Friday, 19 June 2009

My Tourist Yard by James Brush

They show up in April with the cowbirds
and the red wings, all the icterids returning.

By June they’re hoarding the feeders,
the birdbaths and the lawn, clucking

in the trees and teaching their young.
By August they’ve returned to the parking lot

at the grocery store, handing the keys to the yard
back to the chickadees and titmice who,

more deferential, somehow seem a little
sweeter than their noisy cousins who only

summer here, throw their cash around and
leave without learning the culture or our ways.

James Brush, Texas, USA


Crafty Green Poet said...

James Brush is a writer and teacher living in Austin, TX where he teaches English in a juvenile correctional facility. He published his first novel, A Place Without a Postcard, in 2003. His poems have been published by Postal Poetry and A Handful of Stones, and his essays have been published in The Journal of Pediatric Oncology Nursing and Good Gosh Almighty!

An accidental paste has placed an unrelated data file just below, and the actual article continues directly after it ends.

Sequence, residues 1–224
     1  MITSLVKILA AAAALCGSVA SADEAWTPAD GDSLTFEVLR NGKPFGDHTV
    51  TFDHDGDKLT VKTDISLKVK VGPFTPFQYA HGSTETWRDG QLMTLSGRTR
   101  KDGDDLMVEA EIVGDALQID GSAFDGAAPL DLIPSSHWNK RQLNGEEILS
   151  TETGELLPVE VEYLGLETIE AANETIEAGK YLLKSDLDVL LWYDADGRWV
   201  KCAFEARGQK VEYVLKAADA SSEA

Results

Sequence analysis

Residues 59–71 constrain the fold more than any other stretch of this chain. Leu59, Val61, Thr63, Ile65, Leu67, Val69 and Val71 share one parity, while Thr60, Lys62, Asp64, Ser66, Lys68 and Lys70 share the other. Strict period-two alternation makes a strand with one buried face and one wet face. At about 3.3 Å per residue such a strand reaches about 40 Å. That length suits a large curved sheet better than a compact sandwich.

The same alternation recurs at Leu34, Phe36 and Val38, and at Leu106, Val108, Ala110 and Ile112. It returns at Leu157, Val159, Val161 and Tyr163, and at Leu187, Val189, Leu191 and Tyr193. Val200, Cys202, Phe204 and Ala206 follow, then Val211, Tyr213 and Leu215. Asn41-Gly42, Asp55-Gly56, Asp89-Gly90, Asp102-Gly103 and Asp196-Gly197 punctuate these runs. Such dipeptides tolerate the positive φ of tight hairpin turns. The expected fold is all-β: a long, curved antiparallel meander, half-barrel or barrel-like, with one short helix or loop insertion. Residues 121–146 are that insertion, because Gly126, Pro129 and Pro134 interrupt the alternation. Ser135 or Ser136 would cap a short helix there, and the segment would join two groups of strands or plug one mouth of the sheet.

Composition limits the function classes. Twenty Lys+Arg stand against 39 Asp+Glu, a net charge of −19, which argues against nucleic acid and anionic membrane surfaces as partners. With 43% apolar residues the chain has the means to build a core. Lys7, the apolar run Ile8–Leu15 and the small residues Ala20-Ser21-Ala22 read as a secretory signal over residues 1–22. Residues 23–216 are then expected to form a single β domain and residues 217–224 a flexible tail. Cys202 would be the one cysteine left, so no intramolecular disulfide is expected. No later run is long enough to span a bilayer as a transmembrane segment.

Anonymous said...

This left a smile on my face, and a whole new appreciation for the visitors in my own yard!

Anonymous said...

I hate Grackles. You wrote wonderfully why that is so.

Wonderful poem.